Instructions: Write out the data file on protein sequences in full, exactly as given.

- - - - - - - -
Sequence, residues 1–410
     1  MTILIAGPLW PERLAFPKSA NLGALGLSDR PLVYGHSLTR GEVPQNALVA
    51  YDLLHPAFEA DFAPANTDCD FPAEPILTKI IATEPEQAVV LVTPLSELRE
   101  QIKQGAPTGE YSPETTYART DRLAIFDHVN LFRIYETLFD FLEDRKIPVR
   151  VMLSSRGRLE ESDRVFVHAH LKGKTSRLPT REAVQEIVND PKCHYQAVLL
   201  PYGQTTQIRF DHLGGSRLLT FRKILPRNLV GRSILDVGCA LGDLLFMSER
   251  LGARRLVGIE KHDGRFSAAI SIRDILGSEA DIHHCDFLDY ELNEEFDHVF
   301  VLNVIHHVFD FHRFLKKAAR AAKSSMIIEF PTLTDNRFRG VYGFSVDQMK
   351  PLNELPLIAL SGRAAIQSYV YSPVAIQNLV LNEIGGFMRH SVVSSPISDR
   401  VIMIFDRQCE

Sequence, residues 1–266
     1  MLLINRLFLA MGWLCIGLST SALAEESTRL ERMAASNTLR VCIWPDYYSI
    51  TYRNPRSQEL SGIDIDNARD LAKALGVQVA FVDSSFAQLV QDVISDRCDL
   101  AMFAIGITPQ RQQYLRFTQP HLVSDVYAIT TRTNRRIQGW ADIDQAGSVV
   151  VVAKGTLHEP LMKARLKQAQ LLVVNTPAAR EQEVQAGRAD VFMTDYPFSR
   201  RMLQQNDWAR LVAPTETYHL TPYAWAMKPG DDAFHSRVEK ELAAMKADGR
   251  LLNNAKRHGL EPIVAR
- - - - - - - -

Sequence, residues 1–410
     1  MTILIAGPLW PERLAFPKSA NLGALGLSDR PLVYGHSLTR GEVPQNALVA
    51  YDLLHPAFEA DFAPANTDCD FPAEPILTKI IATEPEQAVV LVTPLSELRE
   101  QIKQGAPTGE YSPETTYART DRLAIFDHVN LFRIYETLFD FLEDRKIPVR
   151  VMLSSRGRLE ESDRVFVHAH LKGKTSRLPT REAVQEIVND PKCHYQAVLL
   201  PYGQTTQIRF DHLGGSRLLT FRKILPRNLV GRSILDVGCA LGDLLFMSER
   251  LGARRLVGIE KHDGRFSAAI SIRDILGSEA DIHHCDFLDY ELNEEFDHVF
   301  VLNVIHHVFD FHRFLKKAAR AAKSSMIIEF PTLTDNRFRG VYGFSVDQMK
   351  PLNELPLIAL SGRAAIQSYV YSPVAIQNLV LNEIGGFMRH SVVSSPISDR
   401  VIMIFDRQCE

Sequence, residues 1–266
     1  MLLINRLFLA MGWLCIGLST SALAEESTRL ERMAASNTLR VCIWPDYYSI
    51  TYRNPRSQEL SGIDIDNARD LAKALGVQVA FVDSSFAQLV QDVISDRCDL
   101  AMFAIGITPQ RQQYLRFTQP HLVSDVYAIT TRTNRRIQGW ADIDQAGSVV
   151  VVAKGTLHEP LMKARLKQAQ LLVVNTPAAR EQEVQAGRAD VFMTDYPFSR
   201  RMLQQNDWAR LVAPTETYHL TPYAWAMKPG DDAFHSRVEK ELAAMKADGR
   251  LLNNAKRHGL EPIVAR